It has always been my dream to ride a scrambler to go trailing on the off-roads and get down and dirty. However, my dream didn’t quite materialise as before I could even go to shop to choose a bike, someone decided to pay me downpayment on a bike. Thus, ensuring that I’d be stucked to that bike for as long as I had to pay off the loan.
That person is my Dad.
I used to complaint a lot when I was given that rude shock but I’ve since grown attached to the bike, a Honda Phantom 200cc. That bike has served me well throughout my entire riding life since December 2004 till now. Thanks Dad!
Consider me lucky but I’ve never been involved in an accident other than those of my own silly mistakes which are negligible. I have never had a serious injury as a cause of those accidents (falls in carparks after washing bike and getting knocked by another bike when stationary).
My other friends though, have not been as lucky as me. I’ve had plenty of friends who have ended up with broken bones and incurring hospital bills as well as repair costs that perhaps could have been avoided had it not been for them giving in to temptations and dares.
I’m not saying that I’m not a daring person. If riding two bicycles down a flight of stairs at the age of 5 is not daring enough, I’m not sure what is. In being daring, there is a fine line between being daring and being stupid. ( Okay, the former sentence was one of stupidity. I was 5! Don’t expect much okay) Most people unfortunately, fall into the latter category and then perhaps blame it on some other external considerations except themselves.
I’ve raced on the public roads before in high traffic against some mats on their Yamaha RXZ or Kawasaki KRs but even in racing, I exercise safety first. I’d rather lose the race than to lose my life or the life of others who may be my pillion.
I find it ridiculous that some riders try to make those daring corners you regularly see on Grand Prix. These riders think that they can be the next grand prix champion or hopefully talent spotted. Unfortunately, the only ones who are going to spot them will either be that spot of sand/ gravel on the road or the men in white who are too lazy to pursue you, so decide to take a snapshot of your stunt.
For those of you who find it cool, well, it sure is cool if you can pull it off without getting injured or getting caught. Unfortunately, this is Singapore roads. If you haven’t realised, the roads are dusty and at times littered with gravel from those big trucks that accidentally leave them behind. These dust particles and gravels will cause you serious injury and damage to your beautiful motorcycle if you happen to corner over them.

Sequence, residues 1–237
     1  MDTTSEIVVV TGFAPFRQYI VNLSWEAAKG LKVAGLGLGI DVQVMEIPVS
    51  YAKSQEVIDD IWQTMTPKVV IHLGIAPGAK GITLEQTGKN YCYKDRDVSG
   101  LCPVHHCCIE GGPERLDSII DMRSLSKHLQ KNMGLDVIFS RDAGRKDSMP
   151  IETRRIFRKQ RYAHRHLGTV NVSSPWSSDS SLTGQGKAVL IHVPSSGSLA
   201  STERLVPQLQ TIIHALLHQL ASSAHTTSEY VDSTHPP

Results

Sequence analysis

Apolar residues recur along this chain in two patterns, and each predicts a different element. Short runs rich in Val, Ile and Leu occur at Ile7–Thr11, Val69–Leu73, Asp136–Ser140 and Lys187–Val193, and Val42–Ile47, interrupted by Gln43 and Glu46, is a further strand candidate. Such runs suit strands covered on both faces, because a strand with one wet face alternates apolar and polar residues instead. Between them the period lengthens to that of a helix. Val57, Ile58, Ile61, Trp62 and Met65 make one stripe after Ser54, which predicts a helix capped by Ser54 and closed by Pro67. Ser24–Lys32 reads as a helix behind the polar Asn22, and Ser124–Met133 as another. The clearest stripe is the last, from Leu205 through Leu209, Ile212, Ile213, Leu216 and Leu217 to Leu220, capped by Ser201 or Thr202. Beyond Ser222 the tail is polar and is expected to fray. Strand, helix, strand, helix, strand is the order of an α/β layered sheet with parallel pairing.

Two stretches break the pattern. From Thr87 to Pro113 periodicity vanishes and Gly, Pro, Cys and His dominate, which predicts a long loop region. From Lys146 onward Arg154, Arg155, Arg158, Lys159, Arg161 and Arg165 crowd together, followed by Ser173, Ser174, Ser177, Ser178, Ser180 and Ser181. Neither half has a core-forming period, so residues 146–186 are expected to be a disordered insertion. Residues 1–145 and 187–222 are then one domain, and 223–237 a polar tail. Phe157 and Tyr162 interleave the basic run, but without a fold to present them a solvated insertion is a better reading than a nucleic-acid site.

Many Singaporeans also like to follow the trend overseas especially in Malaysia where Mat Rempits reign supreme. With their Yamaha 125Zs zooming and squeezing in between lanes nonchalantly, these riders feel like they are breaking wind speeds and achieving a new level of technical expertise. Unfortunately, not many make it out of the lanes alive or in good shape.
Just today, when I was going back home riding on my bike along the Pan Island Expressway, there was extremely heavy traffic which was caused by an accident in Lanes 1 and 2. The accident was caused by 2 motorcycles and a car.
My thoughts on this based on the positioning of the motorcycles?
Both motorcycles were obviously riding in between lanes. One was definitely riding at a higher speed and didn’t have enough time to step on the brakes when a car decided to change lanes without signalling thus, causing the accident. The casualities had already been transported away which is good news because I didn’t see the blue tent used to cover dead bodies. Phew!!
Anyway…. the importance of this post is to educate those aspiring riders on how to survive the roads of Singapore so that you can enjoy riding long enough. So, here it goes:
- Choose a bike that you feel extremely comfortable handling (both feet firmly on ground, family jewels in good place, handle reach not tiring)
- Buy a good helmet (light-weight, clear vision visor)
- Always carry a raincoat (weather here is unpredictable, you never know when it rains!)
- Wear gloves (to ensure your hands are protected in case you have fall)
- Wear jeans or long pants (protects you well when you fall)
- Wear shoes with good traction (i had my whole foot run over by my own exhaust when it got stucked. i was wearing slippers only)
- Always strap your helmet proper! (so that it doesn’t fly! it’s happened to my pillion before on ECP)
- Do not ride in between lanes at high speed (cars rarely signal to switch lanes when they spot an opportunity)
- Check your side view mirrors before changing lanes
- Switch your signal lights on before switching lanes (to inform other road users behind you)
- Ensure that your brakes and tires are in good condition (duh!)
If you are a pillion, ensure the following:
- SIT Properly! (most pillions love to shift their weight about, its dangerous okay)
- Don’t distract your rider with your talks or your hands in sensitive areas (your rider needs to concentrate on the road)
- If you rider talks, tell him to shut up and concentrate on the road
- Ensure that you are also able to see the traffic in front of you (you are the riders eyes as well)
- If you need to hold the rider, either put your arms around the waist or put it on the thighs. DO NOT hold the shoulders. Your rider is handling the bike, a wrong tug of the shoulder and both of you may end up somewhere else other than home.
Last but not least, to do all these – please ensure that you have a motorcycle.